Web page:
Well, you know you can always count on "Old Faithful" – the store manager. The garden department absolutely must be doing more business than any other department in the store this month. Knowing that store managers are keenly aware of where they are getting the bang for the buck and that the largest percentage of customers are going through the nursery at this point, then it’ll just be a minute or two before the manager makes the outdoor nursery circuit. Once they are aware of the problem, it’ll be fixed in a heartbeat. The last thing they would want to do is anger their customers or even worse, lose their business.
A minute passes by, then two and three. No relief in sight. In fact, now the people waiting on line begin to grumble. Some become outraged. I take note of a full flat cart loaded with live goods, soils, planters and fertilizer off to the side of one line. It’s been abandoned. I do a quick calculation in my head and realize that this retailer just lost about $150 on just that one sale. Multiply this throughout the day and it’s almost a sin to lose these potential sales of one of the highest turning product mixes in the entire store.
How long are you willing to wait in line for these goods? It’s one thing if there is a need for the products, i.e. – groceries. It’s another thing entirely if the items are "want" products. To me, customers are extremely tolerant, almost to the point of disbelief (my disbelief because I don’t have the average tolerance that it would take to wait on such lines).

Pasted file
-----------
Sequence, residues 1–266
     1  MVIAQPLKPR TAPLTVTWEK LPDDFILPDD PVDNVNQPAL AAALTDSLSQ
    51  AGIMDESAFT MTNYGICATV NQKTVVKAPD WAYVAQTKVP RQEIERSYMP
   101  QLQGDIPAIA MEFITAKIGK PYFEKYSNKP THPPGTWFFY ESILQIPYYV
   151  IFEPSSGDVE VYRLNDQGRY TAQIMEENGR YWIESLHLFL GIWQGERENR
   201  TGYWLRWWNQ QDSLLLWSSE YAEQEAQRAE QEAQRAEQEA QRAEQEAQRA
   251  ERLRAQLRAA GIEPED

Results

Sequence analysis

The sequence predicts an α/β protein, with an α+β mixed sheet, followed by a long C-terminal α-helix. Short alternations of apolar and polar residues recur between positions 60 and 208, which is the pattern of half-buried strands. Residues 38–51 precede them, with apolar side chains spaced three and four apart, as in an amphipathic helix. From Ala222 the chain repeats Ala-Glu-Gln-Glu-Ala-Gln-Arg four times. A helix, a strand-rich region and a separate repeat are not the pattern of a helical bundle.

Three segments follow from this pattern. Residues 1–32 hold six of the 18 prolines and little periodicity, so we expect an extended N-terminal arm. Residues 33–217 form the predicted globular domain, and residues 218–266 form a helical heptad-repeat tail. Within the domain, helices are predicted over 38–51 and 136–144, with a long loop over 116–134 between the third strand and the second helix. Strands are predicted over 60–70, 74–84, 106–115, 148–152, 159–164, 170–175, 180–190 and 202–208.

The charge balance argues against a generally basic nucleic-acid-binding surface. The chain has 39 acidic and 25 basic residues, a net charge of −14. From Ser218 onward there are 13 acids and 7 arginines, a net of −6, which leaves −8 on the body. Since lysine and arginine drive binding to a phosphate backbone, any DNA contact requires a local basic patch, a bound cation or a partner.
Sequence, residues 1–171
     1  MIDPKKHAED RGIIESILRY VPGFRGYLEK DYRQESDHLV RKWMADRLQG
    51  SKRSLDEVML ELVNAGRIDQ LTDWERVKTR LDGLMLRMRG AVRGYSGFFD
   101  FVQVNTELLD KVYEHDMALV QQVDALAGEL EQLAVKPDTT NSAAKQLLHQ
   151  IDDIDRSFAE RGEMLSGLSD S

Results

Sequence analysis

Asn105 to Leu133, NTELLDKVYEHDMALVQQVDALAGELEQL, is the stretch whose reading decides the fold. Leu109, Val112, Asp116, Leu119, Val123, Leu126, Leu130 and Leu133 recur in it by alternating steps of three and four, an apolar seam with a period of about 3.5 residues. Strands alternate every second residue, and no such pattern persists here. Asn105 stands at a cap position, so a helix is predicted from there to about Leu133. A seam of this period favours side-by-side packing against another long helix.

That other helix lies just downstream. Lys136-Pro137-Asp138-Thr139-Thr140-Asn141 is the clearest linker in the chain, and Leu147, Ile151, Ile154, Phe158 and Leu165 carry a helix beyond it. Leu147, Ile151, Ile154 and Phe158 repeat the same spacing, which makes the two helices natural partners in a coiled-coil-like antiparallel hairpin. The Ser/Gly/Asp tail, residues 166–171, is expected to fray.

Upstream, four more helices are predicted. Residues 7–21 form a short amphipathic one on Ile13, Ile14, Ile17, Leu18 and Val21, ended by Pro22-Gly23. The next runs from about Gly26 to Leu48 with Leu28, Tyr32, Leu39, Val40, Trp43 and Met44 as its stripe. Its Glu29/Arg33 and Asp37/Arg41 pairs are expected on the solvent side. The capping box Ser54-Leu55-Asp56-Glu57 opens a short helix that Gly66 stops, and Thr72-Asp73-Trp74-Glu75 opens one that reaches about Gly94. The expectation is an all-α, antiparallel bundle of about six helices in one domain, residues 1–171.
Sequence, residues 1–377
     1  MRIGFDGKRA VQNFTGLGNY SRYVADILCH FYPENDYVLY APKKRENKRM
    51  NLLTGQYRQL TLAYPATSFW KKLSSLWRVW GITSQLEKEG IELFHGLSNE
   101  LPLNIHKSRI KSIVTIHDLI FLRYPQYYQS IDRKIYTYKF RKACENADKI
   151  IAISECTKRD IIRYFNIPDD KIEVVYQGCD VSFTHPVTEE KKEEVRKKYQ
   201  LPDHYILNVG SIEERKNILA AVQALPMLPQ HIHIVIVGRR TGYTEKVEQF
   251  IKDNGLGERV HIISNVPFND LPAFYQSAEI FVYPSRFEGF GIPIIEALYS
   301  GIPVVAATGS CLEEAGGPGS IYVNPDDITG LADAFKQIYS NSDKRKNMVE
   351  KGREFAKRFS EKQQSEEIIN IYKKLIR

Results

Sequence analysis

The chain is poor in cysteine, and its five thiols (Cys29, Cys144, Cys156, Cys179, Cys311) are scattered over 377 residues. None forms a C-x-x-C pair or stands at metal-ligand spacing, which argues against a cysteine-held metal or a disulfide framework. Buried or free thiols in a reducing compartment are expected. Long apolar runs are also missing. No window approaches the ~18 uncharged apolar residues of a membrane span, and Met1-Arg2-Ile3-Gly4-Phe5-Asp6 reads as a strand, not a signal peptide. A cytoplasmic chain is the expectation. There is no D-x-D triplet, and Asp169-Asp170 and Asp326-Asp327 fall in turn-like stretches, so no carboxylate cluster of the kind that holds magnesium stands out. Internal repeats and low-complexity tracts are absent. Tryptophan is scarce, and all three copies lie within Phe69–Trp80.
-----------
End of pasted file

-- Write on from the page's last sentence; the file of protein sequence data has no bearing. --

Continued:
This scenario I’ve described is a common occurrence, particularly in Northern parts of the country. It goes back to the garden center business being one that is so drastically different than what most operators in big box stores are used to that it leads to poor customer service and absolute lost sales. This is not a problem specific to lawn and garden in box stores, but it is definitely the poster child for bringing it to the forefront.
In my mind, there is probably no bigger retail fault than not eagerly and helpfully taking the money from consumers that are in a buying frenzy to give to the retailer. Congratulations to the retailers that do this with great dedication and to the others, if the shoe fits, figure out how to take the money!
Vinny Naab is owner of Naab Horticultural Marketing, LLC, a consultant to the horticulture market. Contact him at firstname.lastname@example.org.